Lives in Ruins: Archaeologists and the Seductive Lure of Human Rubble

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9780062127181: Lives in Ruins: Archaeologists and the Seductive Lure of Human Rubble

The author of The Dead Beat and This Book is Overdue! turns her piercing eye and charming wit to the real-life avatars of Indiana Jones—the archaeologists who sort through the muck and mire of swamps, ancient landfills, volcanic islands, and other dirty places to reclaim history for us all.

Pompeii, Machu Picchu, the Valley of the Kings, the Parthenon—the names of these legendary archaeological sites conjure up romance and mystery. The news is full of archaeology: treasures found (British king under parking lot) and treasures lost (looters, bulldozers, natural disaster, and war). Archaeological research tantalizes us with possibilities (are modern humans really part Neandertal?). Where are the archaeologists behind these stories? What kind of work do they actually do, and why does it matter?

Marilyn Johnson’s Lives in Ruins is an absorbing and entertaining look at the lives of contemporary archaeologists as they sweat under the sun for clues to the puzzle of our past. Johnson digs and drinks alongside archaeologists, chases them through the Mediterranean, the Caribbean, and even Machu Picchu, and excavates their lives. Her subjects share stories we rarely read in history books, about slaves and Ice Age hunters, ordinary soldiers of the American Revolution, children of the first century, Chinese woman warriors, sunken fleets, mummies.

What drives these archaeologists is not the money (meager) or the jobs (scarce) or the working conditions (dangerous), but their passion for the stories that would otherwise be buried and lost.

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Review:

An Amazon Best Book of the Month, November 2014: Apologies to Indiana Jones, but—at least on the surface—archeology isn’t the sexiest of disciplines. There’s all that backbreaking field work, low pay, and a serious demand for patience. But as you read Marilyn Johnson’s Lives in Ruins: Archeologists and the Seductive Lure of Human Rubble you start to form a different picture. What is most fascinating about archeology is the stories—stories of lives dedicated to unearthing the past, and the stories that are literally being unearthed from the past. Johnson throws herself into her subject, taking a field class, following various archeologists into the field (and underwater), and exploring archeology’s role in the greater culture. In writing that is funny, entertaining, and enriching, she illustrates why archeologists derive such a thrill from what they do—and why we probably should as well. – Chris Schluep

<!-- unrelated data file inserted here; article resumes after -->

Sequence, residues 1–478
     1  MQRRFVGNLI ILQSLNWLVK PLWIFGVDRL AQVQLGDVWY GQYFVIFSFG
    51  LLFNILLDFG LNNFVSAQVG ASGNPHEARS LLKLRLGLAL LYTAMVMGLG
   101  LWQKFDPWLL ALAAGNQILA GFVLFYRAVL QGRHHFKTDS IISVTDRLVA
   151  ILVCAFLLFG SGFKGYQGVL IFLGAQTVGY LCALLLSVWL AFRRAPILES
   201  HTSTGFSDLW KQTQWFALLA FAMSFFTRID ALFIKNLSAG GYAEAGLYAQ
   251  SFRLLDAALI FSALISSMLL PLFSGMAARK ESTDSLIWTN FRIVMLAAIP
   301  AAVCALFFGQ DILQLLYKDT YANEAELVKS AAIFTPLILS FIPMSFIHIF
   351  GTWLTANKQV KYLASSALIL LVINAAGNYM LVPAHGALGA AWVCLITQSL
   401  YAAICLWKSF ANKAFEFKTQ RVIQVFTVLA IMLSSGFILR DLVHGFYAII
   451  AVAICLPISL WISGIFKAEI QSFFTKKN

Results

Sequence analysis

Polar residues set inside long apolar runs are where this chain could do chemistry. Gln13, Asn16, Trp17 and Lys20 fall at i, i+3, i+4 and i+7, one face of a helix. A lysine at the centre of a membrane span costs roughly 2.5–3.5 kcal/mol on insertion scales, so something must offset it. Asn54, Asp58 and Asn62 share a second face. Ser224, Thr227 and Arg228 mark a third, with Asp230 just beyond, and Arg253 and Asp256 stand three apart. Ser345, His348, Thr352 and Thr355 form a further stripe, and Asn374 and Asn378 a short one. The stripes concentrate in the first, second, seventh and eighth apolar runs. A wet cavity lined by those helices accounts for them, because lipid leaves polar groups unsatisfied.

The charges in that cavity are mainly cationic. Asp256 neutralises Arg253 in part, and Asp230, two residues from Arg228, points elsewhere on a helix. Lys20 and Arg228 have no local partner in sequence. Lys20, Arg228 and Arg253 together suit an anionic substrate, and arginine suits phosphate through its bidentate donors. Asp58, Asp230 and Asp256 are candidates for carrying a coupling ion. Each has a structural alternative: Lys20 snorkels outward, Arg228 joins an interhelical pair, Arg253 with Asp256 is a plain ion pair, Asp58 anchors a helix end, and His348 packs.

From the Back Cover:

Finding Life in Ruins

Jump into a battered Indiana Jones–style Jeep with the intrepid Marilyn Johnson and head down bone-rattling roads in search of those who dig up the past. Johnson, the author of two acclaimed books about quirky subcultures–The Dead Beat (about obituary writers) and This Book Is Overdue! (about librarians)–brings her irrepressible wit and curiosity to bear on yet another strange world, that of archaeologists. Who chooses to work in ruins? What's the allure of sifting through layers of dirt under a hot sun? Why do archaeologists care so passionately about what's dead and buried–and why should we?

Johnson tracks archaeologists around the globe from the Caribbean to the Mediterranean, from Newport, Rhode Island to Machu Picchu. She digs alongside experts on an eighteenth-century sugar plantation and in a first-century temple to Apollo.

She hunts for bodies with forensics archaeologists in the vast and creepy Pine Barrens of New Jersey, drinks beer with an archaeologist of ancient beverages, and makes stone tools like a caveman. By turns amusing and profound, Lives in Ruins and its wild cast of characters find new ways to consider what is worth salvaging from our past.

Archaeologists are driven by the love of history and the race to secure its evidence ahead of floods and bombs, looters and thieves, and before the bulldozers move in. Why spend your life in ruins? To uncover our hidden stories before they disappear.

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